I would like to share with you my short experience with Google Chrome on openSUSE 11.2. Although it is in a beta stage, it is stable and fast. I like many things in it and I even tried to emulate them in Firefox (thanks to Firefox add-on). In this post, I will state my personal thoughts about Google Chrome and I will refer to Firefox in any comparison. I am using version 22.214.171.124.
Installing Google Chrome on openSUSE 11.2 is very easy. I downloaded the rpm package from Google website and then I clicked on it. The Installer asked me to install lsb (Linux Standard Base Core) package. After I installed lsb, everything went smoothly.
As you know Google Chrome is a close-source (although Chromium is an open source). This issue can cause inconveniences to distributions and end user. First, from Google Chrome Terms of Service “Subject to section 1.2, you may not (and you may not permit anyone else to) copy, modify, create a derivative work of, reverse engineer, decompile or otherwise attempt to extract the source code of the Software or any part thereof, unless this is expressly permitted or required by law, or unless you have been specifically told that you may do so by Google, in writing.” which means that you cannot distribute Google chrome. Therefore, do not expect to see Google Chrome as the default web browser in any Free GNU/Linux distributions. However, Chromium will be there.
If you look for a fast web browser, Google Chrome is the answer to you. The start-up speed is amazing comparing to Firefox. The Google developers did a very well job in this regard. the reason behind its speed is that Google Chrome does not use a cross-platform framework unlike Firefox which uses XUL. Google Chrome in GUN/Linux uses GTK+ directly without any layer in between. It uses also a different GUI library for each operating system it supports.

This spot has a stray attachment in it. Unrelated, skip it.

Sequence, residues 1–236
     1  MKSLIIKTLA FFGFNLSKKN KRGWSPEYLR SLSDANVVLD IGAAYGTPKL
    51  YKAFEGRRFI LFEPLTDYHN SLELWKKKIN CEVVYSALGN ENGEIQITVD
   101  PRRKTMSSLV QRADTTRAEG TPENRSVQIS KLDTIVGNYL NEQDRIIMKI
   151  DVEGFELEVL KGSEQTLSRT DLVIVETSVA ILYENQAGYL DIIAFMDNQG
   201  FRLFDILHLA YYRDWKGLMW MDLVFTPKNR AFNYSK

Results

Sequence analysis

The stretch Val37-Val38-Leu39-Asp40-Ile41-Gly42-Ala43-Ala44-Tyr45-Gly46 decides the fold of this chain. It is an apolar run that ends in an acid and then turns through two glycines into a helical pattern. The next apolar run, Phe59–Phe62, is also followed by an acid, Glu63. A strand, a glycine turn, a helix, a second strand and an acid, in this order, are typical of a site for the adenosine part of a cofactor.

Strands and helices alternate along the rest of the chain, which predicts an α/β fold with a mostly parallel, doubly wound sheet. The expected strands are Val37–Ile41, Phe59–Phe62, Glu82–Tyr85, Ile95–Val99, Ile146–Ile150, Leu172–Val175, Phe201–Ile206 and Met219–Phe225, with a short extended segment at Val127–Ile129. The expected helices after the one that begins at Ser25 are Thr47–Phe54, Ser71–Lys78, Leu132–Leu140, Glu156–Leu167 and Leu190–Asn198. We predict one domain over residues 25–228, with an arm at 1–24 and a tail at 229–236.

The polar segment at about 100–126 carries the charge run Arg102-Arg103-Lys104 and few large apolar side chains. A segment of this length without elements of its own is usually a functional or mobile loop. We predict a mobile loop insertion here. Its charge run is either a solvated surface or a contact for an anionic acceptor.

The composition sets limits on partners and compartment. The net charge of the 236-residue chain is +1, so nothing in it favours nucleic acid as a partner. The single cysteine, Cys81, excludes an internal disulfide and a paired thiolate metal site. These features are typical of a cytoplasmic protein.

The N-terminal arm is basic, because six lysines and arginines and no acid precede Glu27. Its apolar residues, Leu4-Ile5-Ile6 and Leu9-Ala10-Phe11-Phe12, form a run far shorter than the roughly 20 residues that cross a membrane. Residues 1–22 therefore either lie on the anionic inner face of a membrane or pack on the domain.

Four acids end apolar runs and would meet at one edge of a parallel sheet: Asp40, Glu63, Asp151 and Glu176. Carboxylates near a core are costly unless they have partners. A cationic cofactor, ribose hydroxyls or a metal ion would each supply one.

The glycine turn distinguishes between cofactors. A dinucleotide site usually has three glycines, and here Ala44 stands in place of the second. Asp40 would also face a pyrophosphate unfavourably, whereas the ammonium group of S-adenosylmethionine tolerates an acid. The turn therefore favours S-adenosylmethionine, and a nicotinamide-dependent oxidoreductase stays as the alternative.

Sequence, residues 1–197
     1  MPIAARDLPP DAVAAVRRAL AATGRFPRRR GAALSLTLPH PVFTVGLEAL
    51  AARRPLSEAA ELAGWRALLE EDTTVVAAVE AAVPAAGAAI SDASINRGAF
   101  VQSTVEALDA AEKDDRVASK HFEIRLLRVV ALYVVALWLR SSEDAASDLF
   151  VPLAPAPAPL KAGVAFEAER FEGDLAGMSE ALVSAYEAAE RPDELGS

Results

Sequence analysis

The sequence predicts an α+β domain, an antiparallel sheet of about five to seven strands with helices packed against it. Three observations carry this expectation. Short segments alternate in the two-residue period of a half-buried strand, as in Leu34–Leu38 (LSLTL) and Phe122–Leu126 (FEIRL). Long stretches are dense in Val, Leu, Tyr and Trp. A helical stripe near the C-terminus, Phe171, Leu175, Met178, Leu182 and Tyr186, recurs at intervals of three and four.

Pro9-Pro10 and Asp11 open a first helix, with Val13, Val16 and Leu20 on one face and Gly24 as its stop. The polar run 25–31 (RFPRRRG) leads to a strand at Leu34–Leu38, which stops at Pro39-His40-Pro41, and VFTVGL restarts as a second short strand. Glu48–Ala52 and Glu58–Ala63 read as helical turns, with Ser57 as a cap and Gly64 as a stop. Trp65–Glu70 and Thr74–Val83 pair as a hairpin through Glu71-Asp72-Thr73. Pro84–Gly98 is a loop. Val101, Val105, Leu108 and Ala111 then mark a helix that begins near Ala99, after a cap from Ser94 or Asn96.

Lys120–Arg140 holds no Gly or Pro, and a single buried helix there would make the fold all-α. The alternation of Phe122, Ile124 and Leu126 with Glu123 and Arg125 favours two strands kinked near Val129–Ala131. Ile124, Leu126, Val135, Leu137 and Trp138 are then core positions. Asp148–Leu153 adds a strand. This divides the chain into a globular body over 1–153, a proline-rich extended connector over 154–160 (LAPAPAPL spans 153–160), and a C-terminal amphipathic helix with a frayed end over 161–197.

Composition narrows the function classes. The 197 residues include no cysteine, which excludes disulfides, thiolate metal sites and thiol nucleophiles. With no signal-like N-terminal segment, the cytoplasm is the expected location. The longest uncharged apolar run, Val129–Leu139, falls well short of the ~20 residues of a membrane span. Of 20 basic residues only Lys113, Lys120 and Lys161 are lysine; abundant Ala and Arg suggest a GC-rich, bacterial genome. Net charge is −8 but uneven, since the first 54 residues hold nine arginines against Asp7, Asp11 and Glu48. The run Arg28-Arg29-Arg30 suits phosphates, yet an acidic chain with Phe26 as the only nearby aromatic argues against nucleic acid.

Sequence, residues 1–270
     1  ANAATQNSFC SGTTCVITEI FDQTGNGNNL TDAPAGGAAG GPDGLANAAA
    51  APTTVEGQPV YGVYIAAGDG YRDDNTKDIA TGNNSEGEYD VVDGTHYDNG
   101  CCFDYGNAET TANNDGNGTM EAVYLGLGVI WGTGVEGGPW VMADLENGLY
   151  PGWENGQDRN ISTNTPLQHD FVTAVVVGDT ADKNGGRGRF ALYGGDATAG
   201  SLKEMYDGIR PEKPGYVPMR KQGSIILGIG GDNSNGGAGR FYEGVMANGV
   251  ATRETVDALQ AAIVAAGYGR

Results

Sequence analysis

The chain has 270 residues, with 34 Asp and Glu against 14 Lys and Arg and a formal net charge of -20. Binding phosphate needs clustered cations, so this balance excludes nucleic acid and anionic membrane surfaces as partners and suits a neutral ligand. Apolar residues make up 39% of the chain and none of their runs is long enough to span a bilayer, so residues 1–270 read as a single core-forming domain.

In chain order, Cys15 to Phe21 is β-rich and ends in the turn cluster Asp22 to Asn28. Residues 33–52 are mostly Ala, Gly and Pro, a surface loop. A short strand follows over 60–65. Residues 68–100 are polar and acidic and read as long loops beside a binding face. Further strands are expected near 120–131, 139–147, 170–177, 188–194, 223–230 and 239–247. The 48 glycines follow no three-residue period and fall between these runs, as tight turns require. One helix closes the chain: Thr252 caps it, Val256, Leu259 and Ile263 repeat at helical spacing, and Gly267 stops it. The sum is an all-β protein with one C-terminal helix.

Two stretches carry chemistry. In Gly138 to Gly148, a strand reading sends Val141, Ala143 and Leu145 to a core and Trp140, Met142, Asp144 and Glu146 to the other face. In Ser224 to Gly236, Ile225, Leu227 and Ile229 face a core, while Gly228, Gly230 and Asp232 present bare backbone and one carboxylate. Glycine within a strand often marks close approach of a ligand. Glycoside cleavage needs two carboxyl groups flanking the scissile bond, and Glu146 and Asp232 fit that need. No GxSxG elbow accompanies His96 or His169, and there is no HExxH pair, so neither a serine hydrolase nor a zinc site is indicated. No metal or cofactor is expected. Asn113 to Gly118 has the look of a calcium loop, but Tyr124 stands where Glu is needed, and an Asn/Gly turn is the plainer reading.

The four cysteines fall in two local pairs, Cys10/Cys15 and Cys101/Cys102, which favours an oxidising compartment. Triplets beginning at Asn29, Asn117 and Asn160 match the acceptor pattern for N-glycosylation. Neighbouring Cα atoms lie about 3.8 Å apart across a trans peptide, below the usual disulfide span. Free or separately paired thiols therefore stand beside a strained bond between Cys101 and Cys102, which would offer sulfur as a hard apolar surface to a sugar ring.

I can summarize the GUI design of Google Chrome with three words: simple, clean and effective. I like the way Google Chrome puts tabs in the title bar. I enjoy also how Google Chrome populates the speed dial page with time. There is no status bar.
Things that I missed in Google Chrome
Extensions, extensions, extensions. The main thing that makes Firefox better than Google Chrome is extensions. In Firefox you can do everything using extensions. If you use a lot of extensions (like me), you will know why I consider Firefox superior to Google Chrome.
The second thing is complex scripts support (like Arabic). Although there is a basic support, there are serious bugs which will prevent many users from using Google Chrome. I hope these bugs will be ironed out with time.